Morecambe & Wise

Welcome to the Morecambe & Wise website, dedicated to Britain's best and most loved double act, Eric Morecambe and Ernie Wise.

Pictures

Dramatized rehearsal
Dramatized rehearsal

Real rehearsal
Real rehearsal

The real Eddie
The real Eddie

Associated Links

We Interview: Sir Bill Cotton
In 2008, Sir Bill Cotton very kindly gave us an interview. Read about his life, the BBC and Morecambe & Wise.

We Interview Eddie Braben
Eddie Braben is synonymous with Morecambe & Wise. His writing skills took their natural warmth and brought it out for everyone to see.

Eddie Braben - A Tribute
Eddie Braben - A tribute to a great comedy writer, a wonderfully warm person and the nicest man you'll ever meet.


The Real Eric, Ernie and Me

Feature from 2017
Strange bedfellows
Strange bedfellows
Dramatizations are, by definition, a telling of a story from a certain perspective. That perspective can not always be accurate or indeed truthful. Television audiences demand something juicy, something that may cause raised eyebrows or something they had not heard before, they will not settle for the mundane no matter how accurate it is. This is the problem with trying to add extra drama to something that already has drama, but not seemingly enough to be broadcast.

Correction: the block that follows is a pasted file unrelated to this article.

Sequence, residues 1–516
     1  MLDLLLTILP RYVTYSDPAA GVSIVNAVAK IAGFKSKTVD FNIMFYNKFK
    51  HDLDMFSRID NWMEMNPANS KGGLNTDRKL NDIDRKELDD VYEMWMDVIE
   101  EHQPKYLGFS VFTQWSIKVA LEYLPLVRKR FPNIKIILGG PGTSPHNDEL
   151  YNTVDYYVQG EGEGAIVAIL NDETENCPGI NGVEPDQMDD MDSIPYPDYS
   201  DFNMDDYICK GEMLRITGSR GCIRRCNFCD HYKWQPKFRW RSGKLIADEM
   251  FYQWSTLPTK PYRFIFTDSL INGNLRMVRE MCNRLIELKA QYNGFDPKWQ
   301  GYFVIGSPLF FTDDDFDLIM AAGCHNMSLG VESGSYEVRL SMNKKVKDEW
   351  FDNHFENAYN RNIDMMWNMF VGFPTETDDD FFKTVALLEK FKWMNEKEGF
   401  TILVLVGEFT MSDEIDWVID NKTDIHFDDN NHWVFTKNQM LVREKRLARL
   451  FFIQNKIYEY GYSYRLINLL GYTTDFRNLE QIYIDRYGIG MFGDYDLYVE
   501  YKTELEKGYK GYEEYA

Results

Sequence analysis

There is a lot of material about Eddie`s relationship with Eric and Ern, and all of it is consistent, which can therefore be taken as being accurate. There is drama in this story and it features some of the biggest names in television both in front of and behind the screen.

Eddie`s own book, The Book What I Wrote, is a great starting point for this rollercoaster of a story. Starting life as a green grocer in a market, writing jokes on the bags of fruit and veg he sold, sending them to comedians hoping they would pick them up. Eventually leading to working for, and being the gag man behind one of the country`s top comedians and comedy legend Ken Dodd.